It really is best only to use labels where they’re absolutely necessary. It’s far better to call people by their names or use whatever other terminology (patron, participants etc) you would use for anybody else.

Don’t worry about reinventing the use of language. We all use figures of speech such as “do you see what I mean?” and “walk this way” and “have you heard from him?” Don’t feel you have to go out of your way to avoid those terms when talking to disabled people.

Above all, don’t get so worried about language that you stop talking to disabled people altogether. Dialogue is crucial if we are to live together in a more inclusive society. If your attitudes are appropriate and you’re willing to listen and learn, the occasional slip of the tongue will be forgiven.

Making people feel welcome

The arts industry is all about making people feel welcome – you want artists and performers to work with your organisation again, and you want the punters to come back. Mostly you know what to do; common courtesy and common sense help the wheels of Best Practice to roll smoothly along. So what should you do when disabled people are working with you or visiting your venue or event?

Here are few typical scenarios…

Wheelchair user struggling to push up carpeted ramp.

Do say: “Would you like some help?”

Don’t: Come up behind the person and grab their chair without asking

Blind person seems unsure which direction to take

Do: Introduce yourself first, then say “Shall I take you to…?” (wherever they are heading for)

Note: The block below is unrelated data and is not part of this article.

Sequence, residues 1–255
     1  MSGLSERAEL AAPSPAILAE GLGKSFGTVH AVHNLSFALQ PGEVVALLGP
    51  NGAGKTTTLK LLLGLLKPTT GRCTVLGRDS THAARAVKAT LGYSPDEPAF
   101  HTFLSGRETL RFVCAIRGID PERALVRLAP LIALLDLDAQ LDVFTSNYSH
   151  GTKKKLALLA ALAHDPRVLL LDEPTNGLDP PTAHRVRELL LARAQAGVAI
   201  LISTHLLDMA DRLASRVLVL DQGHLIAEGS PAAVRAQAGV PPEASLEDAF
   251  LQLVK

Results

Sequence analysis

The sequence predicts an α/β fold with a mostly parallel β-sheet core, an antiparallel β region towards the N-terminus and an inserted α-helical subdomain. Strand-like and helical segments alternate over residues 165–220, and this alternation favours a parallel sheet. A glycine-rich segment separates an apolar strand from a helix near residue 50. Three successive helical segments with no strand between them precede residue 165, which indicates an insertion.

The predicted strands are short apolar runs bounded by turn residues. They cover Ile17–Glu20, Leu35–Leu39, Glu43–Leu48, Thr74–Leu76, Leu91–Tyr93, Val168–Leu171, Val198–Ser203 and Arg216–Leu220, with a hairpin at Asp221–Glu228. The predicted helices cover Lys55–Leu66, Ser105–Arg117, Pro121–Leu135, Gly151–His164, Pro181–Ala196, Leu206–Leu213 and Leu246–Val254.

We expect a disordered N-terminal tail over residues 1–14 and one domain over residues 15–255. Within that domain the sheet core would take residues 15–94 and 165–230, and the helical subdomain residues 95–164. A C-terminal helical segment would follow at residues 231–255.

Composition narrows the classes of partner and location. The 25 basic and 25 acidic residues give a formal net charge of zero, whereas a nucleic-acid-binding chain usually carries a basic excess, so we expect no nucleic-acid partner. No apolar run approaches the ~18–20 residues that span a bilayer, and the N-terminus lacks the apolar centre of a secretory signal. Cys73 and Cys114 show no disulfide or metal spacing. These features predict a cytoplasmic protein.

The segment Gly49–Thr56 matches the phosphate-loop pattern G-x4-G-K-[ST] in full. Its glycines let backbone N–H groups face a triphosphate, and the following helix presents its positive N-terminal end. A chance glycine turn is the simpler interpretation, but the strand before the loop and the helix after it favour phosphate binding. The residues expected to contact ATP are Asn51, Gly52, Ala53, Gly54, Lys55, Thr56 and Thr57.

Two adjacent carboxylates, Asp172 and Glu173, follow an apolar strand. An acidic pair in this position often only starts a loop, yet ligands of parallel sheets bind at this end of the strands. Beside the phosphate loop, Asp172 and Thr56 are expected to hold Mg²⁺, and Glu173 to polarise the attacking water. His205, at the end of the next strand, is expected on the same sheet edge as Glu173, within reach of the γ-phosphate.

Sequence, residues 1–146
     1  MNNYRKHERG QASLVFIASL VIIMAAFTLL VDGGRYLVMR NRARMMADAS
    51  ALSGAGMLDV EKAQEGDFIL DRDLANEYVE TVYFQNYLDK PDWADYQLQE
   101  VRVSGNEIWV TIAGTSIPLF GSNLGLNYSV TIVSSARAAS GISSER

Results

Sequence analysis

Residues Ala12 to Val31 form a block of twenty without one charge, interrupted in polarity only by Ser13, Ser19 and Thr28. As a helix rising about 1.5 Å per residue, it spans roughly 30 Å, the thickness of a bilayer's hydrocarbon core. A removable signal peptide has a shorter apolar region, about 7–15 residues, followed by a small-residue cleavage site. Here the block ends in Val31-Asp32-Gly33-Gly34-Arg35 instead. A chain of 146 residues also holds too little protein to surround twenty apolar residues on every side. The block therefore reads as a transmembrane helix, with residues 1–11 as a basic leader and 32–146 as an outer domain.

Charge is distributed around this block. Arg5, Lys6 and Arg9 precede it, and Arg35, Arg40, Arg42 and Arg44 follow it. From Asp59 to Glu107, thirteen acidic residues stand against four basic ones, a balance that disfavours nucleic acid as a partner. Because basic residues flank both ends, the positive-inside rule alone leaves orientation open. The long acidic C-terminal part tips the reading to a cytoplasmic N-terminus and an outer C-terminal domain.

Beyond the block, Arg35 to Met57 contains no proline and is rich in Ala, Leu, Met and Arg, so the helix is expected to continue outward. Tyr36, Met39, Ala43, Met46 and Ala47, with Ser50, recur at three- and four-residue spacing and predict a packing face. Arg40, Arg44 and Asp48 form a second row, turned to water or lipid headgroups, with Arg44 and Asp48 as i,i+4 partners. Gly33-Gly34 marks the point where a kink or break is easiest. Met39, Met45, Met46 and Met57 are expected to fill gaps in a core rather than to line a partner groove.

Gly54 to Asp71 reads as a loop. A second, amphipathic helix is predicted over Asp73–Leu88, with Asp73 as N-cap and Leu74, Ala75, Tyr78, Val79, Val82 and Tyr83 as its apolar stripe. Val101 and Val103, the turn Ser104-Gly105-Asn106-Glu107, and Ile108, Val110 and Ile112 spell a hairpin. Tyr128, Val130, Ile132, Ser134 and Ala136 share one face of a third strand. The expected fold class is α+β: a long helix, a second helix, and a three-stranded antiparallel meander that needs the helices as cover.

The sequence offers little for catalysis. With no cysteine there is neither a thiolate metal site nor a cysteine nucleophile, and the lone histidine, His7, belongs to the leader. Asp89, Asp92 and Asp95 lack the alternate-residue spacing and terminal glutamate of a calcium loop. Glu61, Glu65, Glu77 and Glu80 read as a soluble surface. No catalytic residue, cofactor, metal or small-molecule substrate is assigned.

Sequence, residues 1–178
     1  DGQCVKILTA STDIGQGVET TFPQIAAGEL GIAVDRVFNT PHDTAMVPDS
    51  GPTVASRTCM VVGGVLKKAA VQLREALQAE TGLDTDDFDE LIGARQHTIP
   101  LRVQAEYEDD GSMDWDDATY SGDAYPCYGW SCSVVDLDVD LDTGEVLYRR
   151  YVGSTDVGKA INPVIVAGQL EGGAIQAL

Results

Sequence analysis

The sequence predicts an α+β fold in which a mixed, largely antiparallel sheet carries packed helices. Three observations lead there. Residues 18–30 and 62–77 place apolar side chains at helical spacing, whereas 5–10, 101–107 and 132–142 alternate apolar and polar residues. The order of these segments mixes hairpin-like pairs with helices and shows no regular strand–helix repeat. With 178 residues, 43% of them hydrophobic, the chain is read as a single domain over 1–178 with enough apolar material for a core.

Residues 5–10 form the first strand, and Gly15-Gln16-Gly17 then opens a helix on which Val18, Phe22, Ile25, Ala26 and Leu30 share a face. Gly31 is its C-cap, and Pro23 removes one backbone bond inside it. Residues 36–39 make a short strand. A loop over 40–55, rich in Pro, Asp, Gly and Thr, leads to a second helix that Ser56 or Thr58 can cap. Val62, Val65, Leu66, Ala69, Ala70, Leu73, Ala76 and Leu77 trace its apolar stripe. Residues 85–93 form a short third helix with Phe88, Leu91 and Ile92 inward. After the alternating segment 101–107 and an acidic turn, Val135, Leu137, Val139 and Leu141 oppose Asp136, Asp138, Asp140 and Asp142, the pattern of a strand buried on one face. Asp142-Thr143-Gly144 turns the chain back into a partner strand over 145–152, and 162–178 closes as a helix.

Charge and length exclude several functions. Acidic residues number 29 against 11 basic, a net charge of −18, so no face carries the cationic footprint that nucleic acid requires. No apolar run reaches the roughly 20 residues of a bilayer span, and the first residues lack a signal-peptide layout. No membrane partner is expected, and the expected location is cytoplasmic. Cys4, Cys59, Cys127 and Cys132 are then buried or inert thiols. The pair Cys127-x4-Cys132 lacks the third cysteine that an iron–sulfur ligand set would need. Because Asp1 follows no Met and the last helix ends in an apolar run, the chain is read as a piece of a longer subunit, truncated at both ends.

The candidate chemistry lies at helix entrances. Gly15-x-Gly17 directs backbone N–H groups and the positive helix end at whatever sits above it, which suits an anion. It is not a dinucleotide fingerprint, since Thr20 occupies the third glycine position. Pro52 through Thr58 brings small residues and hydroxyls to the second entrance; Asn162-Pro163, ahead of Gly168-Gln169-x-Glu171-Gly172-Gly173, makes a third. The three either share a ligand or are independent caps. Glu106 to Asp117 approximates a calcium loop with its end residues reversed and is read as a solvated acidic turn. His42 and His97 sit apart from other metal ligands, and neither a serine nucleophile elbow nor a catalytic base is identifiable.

Do: Say ‘Would you like to take my arm?’

Do: Describe any steps up or down or any awkward turns before you reach them

Don’t: Grab the person’s arm without a word and trundle them along

You go backstage after a performance by adults with learning difficulties, to tell the cast how much you enjoyed the show

Do: Use ordinary everyday speech such as, “I really enjoyed the show (maybe pick out a couple of things you especially enjoyed) Thank you very much!”

Don’t: Get all overcome and go round patting people on the head.

Disabled person seems to be struggling to get up

Do: Say ‘Can I help?’

Don’t: Take their arm and try to haul them up.

Sometimes it might look as if a disabled person is moving awkwardly, but taking the person’s arm, even gently, could cause a lot of pain, or cause them to over balance. Ask first.

Disabled person says “No thanks” to your offer of help

Do: Say, “Ok” with a smile

Don’t: Feel rejected or worried that you have done something wrong. It is every person’s right to refuse help as well as to accept it, and you have done the right thing by offering.

The ‘Don’t’s in these examples sound rather over the top, but annoying things like this happen to disabled people all the time. One ex-actress is still reeling from the time many years ago when she was patted on the head after a performance!

As with anyone else, common courtesy and common sense help smooth over any slight awkwardness. Always remember, if in doubt about how to help, ask first!

To keep up to date with language issues, the best way is to follow the example of organisations led by disabled people:

Disability Arts Cymru’s website

DASh’s website (Disability Arts Shropshire)

DADA South’s website

Disability Wales’ website

United Kingdom Disabled People’s Council website